Finally, the ordeal was almost over. We waded through one last wave of street vendors to get to the bus for a very welcome ride back to the Island Princess. The city is interesting, alive with history and stories of struggle and intrigue from many nations fighting for wealth, nationhood and religious freedom. It is of interest, but until the local authorities reign in these slum dog scumbags, give it a wide berth. No one should have to put up with this kind of intimidating and obnoxious harassment just for visiting.
By 2:30 P.M., we were back aboard the air conditioned splendor of the Island Princess. Hordes of other tour groups had descended upon the Horizons court for a late lunch, so we settled for a slice of pizza topside. It was pretty good pizza too.
We were tiring and mildly dehydrated, so we retreated to our room to read for a time( Double Cross- James Patterson), cool off and relax. We watched the ship cast off her lines and leave port at Three P.M. We said an enthusiastic good bye to the hordes of street vendors and hoped never to return. The ship was swaying like a hog in a wallow on the run through the narrow harbor entrance and then we were free in deep water. Yeah!!!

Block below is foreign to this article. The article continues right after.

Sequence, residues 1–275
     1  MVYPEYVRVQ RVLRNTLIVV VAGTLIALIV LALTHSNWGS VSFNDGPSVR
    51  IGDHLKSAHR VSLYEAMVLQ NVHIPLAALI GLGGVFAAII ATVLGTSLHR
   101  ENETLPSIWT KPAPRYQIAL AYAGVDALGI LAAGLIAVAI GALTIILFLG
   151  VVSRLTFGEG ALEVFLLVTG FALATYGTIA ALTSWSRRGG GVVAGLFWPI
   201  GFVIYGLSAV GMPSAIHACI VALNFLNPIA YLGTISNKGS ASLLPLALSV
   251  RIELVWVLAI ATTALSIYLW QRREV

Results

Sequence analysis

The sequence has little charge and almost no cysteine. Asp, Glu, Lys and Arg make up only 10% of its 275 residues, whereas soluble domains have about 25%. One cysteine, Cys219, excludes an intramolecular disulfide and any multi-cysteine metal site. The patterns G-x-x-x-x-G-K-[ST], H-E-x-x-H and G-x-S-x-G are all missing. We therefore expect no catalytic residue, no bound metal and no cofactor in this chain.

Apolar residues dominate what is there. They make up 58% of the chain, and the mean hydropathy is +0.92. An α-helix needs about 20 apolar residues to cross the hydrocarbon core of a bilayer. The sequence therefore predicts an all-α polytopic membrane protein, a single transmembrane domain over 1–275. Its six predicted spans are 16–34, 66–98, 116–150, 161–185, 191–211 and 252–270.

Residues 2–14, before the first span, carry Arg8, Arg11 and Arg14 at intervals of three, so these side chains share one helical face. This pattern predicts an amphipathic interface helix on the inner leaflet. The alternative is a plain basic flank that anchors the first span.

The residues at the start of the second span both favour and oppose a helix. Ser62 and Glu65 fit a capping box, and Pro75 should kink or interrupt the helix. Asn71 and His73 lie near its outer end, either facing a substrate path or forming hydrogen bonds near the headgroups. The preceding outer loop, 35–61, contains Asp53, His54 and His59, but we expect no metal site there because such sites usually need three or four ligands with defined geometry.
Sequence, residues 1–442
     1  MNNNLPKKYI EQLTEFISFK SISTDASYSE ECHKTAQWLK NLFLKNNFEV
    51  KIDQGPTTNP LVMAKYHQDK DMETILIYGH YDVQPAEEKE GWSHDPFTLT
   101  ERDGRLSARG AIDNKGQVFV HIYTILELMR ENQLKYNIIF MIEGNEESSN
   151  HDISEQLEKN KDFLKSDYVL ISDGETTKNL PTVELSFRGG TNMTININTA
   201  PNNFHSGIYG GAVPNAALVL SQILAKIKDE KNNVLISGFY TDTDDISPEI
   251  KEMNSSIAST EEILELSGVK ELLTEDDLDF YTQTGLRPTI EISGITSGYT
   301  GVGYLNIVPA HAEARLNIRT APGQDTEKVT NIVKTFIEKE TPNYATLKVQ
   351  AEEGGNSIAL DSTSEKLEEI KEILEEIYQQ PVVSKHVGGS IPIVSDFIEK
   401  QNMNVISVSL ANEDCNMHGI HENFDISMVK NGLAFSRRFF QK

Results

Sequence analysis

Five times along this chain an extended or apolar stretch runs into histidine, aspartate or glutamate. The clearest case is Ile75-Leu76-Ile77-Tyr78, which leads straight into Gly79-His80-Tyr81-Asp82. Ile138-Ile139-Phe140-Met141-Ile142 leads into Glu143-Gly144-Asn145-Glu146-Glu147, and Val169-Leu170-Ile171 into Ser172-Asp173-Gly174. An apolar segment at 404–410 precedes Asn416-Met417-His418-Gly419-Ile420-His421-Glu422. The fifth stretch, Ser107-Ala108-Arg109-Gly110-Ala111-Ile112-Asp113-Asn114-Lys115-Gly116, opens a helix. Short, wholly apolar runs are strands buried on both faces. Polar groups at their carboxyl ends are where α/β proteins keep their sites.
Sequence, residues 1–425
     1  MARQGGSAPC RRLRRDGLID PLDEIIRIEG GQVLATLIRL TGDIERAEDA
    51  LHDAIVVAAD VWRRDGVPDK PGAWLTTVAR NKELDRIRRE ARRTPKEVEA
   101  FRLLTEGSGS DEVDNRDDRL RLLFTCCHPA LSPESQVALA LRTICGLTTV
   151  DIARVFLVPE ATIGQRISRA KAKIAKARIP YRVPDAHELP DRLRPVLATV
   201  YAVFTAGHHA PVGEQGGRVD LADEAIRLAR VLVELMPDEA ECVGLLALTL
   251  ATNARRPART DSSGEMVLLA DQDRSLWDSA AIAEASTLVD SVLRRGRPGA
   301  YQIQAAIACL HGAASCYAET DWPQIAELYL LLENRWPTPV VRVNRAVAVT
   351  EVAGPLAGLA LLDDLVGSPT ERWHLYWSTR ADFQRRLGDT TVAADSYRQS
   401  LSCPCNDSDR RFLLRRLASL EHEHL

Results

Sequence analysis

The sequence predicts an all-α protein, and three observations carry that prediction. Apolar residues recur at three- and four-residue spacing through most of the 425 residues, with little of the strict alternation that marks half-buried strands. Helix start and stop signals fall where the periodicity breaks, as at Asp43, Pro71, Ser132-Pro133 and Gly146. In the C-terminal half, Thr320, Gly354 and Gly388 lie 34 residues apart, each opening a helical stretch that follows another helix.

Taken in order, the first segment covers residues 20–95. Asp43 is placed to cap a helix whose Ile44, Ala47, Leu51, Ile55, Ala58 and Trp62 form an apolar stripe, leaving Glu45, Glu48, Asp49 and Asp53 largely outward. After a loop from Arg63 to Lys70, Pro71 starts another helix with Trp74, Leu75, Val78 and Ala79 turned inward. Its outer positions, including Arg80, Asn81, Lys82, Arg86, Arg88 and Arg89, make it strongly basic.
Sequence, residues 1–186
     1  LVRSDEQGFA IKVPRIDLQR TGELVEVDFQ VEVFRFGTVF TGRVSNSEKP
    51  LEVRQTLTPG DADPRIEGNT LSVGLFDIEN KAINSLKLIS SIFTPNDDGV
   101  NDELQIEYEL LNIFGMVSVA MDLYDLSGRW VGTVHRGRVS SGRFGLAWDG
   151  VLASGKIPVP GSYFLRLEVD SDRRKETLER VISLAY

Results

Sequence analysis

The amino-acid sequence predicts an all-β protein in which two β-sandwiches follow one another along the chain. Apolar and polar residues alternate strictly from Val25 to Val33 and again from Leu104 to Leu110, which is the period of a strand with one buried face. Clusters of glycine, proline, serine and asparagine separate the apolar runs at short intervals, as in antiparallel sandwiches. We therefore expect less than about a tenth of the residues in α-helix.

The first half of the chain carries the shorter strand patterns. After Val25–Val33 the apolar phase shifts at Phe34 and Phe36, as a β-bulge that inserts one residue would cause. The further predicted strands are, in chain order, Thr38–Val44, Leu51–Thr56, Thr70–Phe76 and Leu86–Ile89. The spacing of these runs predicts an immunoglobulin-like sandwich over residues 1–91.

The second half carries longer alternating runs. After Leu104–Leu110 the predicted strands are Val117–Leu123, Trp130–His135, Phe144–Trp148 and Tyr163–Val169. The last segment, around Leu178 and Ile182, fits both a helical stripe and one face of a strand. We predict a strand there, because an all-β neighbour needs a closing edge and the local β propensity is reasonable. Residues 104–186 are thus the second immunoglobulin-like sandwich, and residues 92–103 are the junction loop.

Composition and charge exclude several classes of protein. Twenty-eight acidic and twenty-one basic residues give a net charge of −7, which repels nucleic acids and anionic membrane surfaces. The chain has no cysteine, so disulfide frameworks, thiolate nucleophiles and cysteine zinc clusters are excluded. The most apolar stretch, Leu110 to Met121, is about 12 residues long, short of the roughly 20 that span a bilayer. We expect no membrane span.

We watched Tiger Woods return to playing golf in T.V for a bit and then ventured to the gym at 5:30 P.M. for an hour’s workout on the weights and exercycle. It was crowded with other passengers who were
eating too much like us. We then walked topside to stretch our legs and enjoy the early evening air as the ship motored westward towards Panama.
After a bit, we cleaned up in the cabin, dressed for dinner and walked down to the deck six Provence Dining room. We were seated with two very charming kids, Denise and Tristan. They are both London Bobbies. We had an interesting and enjoyable dinner with them talking about their professions and ours.
A glass of Cabernet, smoked salmon appetizers, tomato soup, caesar salad, sole Florentine and chocolate cake made for another wonderful meal. They feed you well on this ship. We made our goodbyes to the kids and then walked up to the deck seven Princess Theater. We watched a comedian, Billy Vader, who claimed to be from Buffalo,N.Y. ( small world) Then we retreated to our cabin to read and surrender to the sandman. It had been a full and eventful day.